A Lesson in Carving

If you’re in Greece, you can already engage with gorgeous views and experiences. Ruins, art, a beautiful Mediterranean landscape – this country has got a lot to offer. But if you’re a CYA student, you have another opportunity to take part in something truly extraordinary: learning how to carve marble at one of the oldest studios in Greece.

Let me give you some directions: if you’re standing in front of CYA, make a right onto Fokianou and then walk all the way down to Eratosthenous.  If you have time, stop for a pastry from Kekkos, and then continue along Arktinou until you pass a blue and white taverna. From there, follow the road upward past a furniture upholstery store and a leather maps store and antique shop.  Passing a few cats on your way, as well as some opaque windows, you’ll see an opening on your right. With soft light emanating from its wrought iron door, it’s almost level with the ground so you could walk right past it and not even notice. But don’t miss it – this is where the magic happens. Upon going through this door and down the steps, you’ll leave behind the hustle and bustle of Athens and enter into the art world of ancient crafts and, in this particular case, marble carving.  If you come in on a Tuesday, you’ll also see a slew of CYA students hammering away at slabs of rock, learning how to use chisels delicately and strike with accurate force.

Every semester CYA offers students the opportunity to take a weekly marble carving class, taught in a studio in our neighborhood.  I and many of the people I now call my close friends jumped at the opportunity to take part in this beautiful and historical tradition.  As an art form, marble carving is something that many people only see as the finished product: a sculpture in a museum or ruins on ancient soil. But here in Athens, I’ve had the opportunity to see marble close up and create a piece of art completely from scratch.  Working in the beautiful studio owned by Dimitris, and with the help of his son Giannis and friend Paris, I’ve been exposed to more marble than I ever thought was possible in my lifetime. I’ve gone from drawing a design to imprinting it onto a nearly 20-pound slab of marble to carving away at the said marble, and it’s been absolutely spectacular.

Walking into the studio for the first time, I didn’t know what to expect, but Dimitris is probably one of the kindest people I’ve ever met and shares his love for his craft every time we enter the studio. In the very first lesson, he walked us through the different rooms and showed us past students’ work, as well as speaking to us about the history of marble carving and why it’s so important to him.  One of the funniest things Dimitris told us the first time we met him was that by the third lesson students are usually pretty good at carving. As someone who hadn’t done any serious art since high school, I had very low expectations that I would improve so quickly, particularly after my first carving session. But I can confidently say that this past Tuesday when I was at the studio, I found myself carving with ease and felt much more confident about where to place my chisel. While my lines still aren’t as clean as that of professionals like Dimitris, Giannis and Paris, I can definitely see in my own piece of marble how my work has improved.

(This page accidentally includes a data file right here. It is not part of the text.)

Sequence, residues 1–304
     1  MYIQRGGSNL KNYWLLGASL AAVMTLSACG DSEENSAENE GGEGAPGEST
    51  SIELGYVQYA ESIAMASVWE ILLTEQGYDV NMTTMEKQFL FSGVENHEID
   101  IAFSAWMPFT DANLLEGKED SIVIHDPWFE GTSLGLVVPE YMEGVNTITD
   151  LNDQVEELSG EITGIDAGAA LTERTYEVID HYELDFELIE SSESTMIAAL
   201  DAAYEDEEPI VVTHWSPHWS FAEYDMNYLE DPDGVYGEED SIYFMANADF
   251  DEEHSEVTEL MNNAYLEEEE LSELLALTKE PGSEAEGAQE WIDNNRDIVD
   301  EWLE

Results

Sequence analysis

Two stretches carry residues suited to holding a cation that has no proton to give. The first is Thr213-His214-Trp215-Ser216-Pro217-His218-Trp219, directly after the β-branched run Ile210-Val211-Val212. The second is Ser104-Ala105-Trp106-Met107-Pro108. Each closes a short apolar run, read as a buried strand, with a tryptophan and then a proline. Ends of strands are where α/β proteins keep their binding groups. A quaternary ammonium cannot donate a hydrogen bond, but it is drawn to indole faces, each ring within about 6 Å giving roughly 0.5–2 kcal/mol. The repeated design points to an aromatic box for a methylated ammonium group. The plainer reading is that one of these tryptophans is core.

Looking at a slab of marble, it’s pretty incredible to realize that you have the power to create a work of art with just a chisel and hammer; it doesn’t seem like either of those objects would be strong enough to cut stone.  But the even cooler thing is that it’s not just the chisel that does it, it’s the pure force of your own hands as you move around the marble surface. Going to marble carving every week has given me a sense of what it feels like to do art that is intrinsically connected to a country’s culture, one that is filled with the most spectacular stories that are all crafted through art.

Alexandra Strong

Alexandra Strong is a Fall '18 CYA student and an intern for the CYA MediaLab. She is a junior studying Anthropology and English at Tufts University in Boston.Back at Tufts Alexandra is involved in writing and publishing clubs, a cappella, and she is a tour guide.

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